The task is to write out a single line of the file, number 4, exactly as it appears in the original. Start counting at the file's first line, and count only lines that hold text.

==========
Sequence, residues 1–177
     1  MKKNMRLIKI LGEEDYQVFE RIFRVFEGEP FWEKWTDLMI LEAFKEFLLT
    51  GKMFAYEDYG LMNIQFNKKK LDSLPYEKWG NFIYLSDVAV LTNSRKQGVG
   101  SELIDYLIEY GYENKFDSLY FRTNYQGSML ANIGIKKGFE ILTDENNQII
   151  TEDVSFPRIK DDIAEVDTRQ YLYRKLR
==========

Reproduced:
   101  SELIDYLIEY GYENKFDSLY FRTNYQGSML ANIGIKKGFE ILTDENNQII